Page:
How to Draw: Portraiture

Start by drawing a box you want your drawing to fit into on your tracing paper. It helps if you decide what part of your source image you want to draw and make your box proportional to that. Measure the height and width of your box and take note.

draw a box on the tracing paper and measure the height and width

Next, draw a box on your source image around the chin, outsides of the hair, and top of the head. The width of this box will be the width of the box you drew on the tracing paper. Figure out how many times the width of the source image box goes into the height and use that proportion to draw the same scaled box on the tracing paper. For example, if the width is two-thirds of the height, you would use the width of the tracing paper box to figure out what height would make the width two-thirds. In this case, the width is the same length as the height, so I made the height of the tracing paper box the same as the width I had already drawn.

draw a box around the face and hair
draw a box proportional to the one on your source image

Once you have your boxes established, pick a part of the face to draw first and draw a box around it on your source image. I chose to draw the eyes first, so I drew a box around one eye where the edges of the box touch all edges of the eye. Use your thumb and pencil to pick up the distance between the edge of the small box you just drew and the edge of the big box closest to it. Figure out about how many times that distance fits into the width—the distance we have determined is accurate and on which all other distances, including the height, are based on. If the measured distance goes into the width five times, figure out what distance will go into the width five times on the tracing paper and make a mark. That is the edge of your eye.

draw a box around each eye

Continue to measure until you have the whole box on the tracing paper. Then, look at your source image and pick out the shapes in the box that form the eye. Draw the outline of the eye first, then put in the smaller shapes, making sure everything is proportional to the box.

draw the eyes in the boxes

Work through this process until you have all the outlines of the image drawn in.

measure between the hairline and the top of the hair
put the hairline proportionally on the tracing paper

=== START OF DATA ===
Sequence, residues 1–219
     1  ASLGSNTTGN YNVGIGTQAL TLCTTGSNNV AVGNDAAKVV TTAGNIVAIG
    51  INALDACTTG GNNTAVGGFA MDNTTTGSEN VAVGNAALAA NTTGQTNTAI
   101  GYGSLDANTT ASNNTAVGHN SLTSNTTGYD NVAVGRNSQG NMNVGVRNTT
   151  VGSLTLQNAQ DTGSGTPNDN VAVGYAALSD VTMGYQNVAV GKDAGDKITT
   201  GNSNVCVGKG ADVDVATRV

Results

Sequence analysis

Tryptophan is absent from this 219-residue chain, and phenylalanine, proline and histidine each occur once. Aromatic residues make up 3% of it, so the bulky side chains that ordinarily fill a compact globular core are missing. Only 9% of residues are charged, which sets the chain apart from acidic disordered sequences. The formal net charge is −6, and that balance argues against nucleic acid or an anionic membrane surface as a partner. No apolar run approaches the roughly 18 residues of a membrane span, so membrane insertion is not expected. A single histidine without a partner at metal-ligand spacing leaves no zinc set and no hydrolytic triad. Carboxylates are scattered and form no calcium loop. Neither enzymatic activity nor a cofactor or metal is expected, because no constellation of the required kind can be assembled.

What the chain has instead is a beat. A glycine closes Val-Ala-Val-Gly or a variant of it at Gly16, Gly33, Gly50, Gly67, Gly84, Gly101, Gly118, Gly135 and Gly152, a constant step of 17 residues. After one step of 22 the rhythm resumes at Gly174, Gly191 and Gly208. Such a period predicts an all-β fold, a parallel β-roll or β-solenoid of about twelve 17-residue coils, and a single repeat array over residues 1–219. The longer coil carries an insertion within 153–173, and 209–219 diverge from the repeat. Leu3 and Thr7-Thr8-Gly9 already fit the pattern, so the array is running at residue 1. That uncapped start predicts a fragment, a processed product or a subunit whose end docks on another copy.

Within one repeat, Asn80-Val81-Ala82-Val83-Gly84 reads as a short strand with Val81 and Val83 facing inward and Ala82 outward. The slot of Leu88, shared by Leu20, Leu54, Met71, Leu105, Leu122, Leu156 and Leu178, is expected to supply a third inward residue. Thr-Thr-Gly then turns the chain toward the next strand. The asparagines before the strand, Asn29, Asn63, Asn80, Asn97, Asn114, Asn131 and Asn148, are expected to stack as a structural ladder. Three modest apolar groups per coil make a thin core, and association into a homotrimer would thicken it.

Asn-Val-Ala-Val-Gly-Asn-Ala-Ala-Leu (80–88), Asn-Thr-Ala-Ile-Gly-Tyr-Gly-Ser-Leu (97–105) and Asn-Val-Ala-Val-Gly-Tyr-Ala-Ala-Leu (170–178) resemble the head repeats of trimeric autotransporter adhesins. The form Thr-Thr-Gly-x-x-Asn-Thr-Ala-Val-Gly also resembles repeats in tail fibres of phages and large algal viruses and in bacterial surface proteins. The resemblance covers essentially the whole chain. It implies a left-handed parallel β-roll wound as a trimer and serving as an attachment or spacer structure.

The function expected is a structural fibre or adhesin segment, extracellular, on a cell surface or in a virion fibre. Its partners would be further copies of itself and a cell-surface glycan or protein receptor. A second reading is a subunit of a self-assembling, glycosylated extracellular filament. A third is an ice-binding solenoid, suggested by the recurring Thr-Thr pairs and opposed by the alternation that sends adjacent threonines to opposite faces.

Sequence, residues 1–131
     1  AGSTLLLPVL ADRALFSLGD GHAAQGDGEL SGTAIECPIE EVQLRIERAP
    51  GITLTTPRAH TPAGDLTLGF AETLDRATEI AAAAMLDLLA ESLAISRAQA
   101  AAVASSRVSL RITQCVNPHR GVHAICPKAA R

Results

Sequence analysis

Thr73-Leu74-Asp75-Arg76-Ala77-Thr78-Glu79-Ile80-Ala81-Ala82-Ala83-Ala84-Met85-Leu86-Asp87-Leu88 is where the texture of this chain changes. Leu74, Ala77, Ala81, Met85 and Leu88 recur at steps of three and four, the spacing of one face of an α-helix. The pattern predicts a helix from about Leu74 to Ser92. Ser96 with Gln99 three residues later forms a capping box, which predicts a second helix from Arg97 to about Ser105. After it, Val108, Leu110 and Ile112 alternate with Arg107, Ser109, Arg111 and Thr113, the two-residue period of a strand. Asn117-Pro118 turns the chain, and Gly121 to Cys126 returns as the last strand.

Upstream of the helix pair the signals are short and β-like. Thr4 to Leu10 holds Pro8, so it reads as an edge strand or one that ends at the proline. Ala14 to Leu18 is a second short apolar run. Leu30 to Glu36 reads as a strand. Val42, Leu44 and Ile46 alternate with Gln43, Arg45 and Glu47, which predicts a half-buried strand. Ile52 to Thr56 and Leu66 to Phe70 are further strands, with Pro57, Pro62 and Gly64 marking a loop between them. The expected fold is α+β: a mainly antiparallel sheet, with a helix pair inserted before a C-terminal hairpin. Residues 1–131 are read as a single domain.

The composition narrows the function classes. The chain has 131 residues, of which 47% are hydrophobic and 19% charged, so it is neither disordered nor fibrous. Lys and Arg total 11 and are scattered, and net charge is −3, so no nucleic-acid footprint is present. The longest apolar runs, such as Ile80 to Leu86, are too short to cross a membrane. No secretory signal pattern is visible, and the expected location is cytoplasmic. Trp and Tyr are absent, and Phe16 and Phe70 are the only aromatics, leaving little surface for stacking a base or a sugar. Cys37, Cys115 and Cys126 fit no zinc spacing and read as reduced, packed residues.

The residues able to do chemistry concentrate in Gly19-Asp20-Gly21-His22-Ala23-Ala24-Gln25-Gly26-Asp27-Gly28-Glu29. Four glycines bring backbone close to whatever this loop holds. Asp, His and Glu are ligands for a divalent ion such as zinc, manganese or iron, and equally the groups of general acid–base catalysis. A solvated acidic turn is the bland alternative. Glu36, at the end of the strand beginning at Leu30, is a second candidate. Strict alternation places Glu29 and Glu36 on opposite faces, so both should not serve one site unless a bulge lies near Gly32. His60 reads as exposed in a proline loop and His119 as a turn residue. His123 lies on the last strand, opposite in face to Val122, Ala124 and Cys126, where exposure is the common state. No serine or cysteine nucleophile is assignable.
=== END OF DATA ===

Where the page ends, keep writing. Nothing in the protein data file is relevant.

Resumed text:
use your thumb and the tip of your pencil to determine the measurement ratios on your source image and then use that to measure out the correct distance on the tracing paper
box around the nose
box around the nose on the source image
box around the mouth
draw a box around the mouth and use your pencil to measure how many times the distance between the edge of the mouth and the edge of the big box goes into the width of the big box
draw the mouth inside the box
use crosses instead of boxes for specific points, like where the jawbone is
you will probably have boxes and crosses all over your drawing when you're done
almost finished with the outlines

The next steps are to transfer what you drew on the tracing paper onto your final draft paper. I used Bristol paper. To do this, you have three options: 1) put the tracing paper onto a light box and the Bristol paper on top of that; 2) shade the back of the tracing paper with a soft dark pencil like 6B, focusing more on the lines than the empty space, and then trace over the outlines of your drawing on top of the Bristol paper so it transfers over; 3) place graphite transfer paper between the tracing paper and Bristol paper, then trace over the outlines of your drawing so it transfers onto the Bristol.

transfer paper under tracing paper and on top of Bristol paper

I used method number 3 for this project, but you can use whichever method you prefer. If using method 3 (or 2), be sure to trace over the outlines extremely lightly. You don’t want hard dark outlines, especially for a face, which has soft lines and shadows.

the outlines are being transferred to the Bristol paper
the finished traced outlines

Nonetheless, when you’ve finished tracing, run an eraser through the entire drawing to lighten the lines even more.

erase all the lines so they're as light as they can be without disappearing completely

Now you can begin smooth toning. Smooth toning is a method for adding value to a drawing evenly and without hard lines or white dots. To do this, pick a place to start, look at the value on your source image, and choose a pencil hardness that will give you that value. Then, begin making tiny circles on the Bristol paper, making sure to not dent the paper. Try to match the value of the source image, pressing harder or softer to get the desired effect. A tip: if you have to press harder to obtain the value, use a softer pencil instead so you don’t make craters in the paper or worse, rip the paper.

Continue smooth toning until your drawing is complete. For the hair, it may be necessary to draw lines instead in order to accurately depict the texture. When drawing the teeth, make the value of the shadows between the teeth lighter than you think they need to be, or else your subject will look like he/she has food in her teeth. A kneaded eraser works great for lightening values.

smooth toning process
more smooth toning

When you think you’re finished, take a step back and look at your drawing. Make any adjustments necessary to have it look like your source image, then look at it again. If something doesn’t look right, even if you’re sure you measured correctly, you may need to move lines over or adjust the value in some places to make your drawing look realistic. This is where artist’s discretion comes in. You must use your eyes to see if something needs to be changed or left alone.

And now you’re done! Take a minute to appreciate all your hard work.

the finished piece

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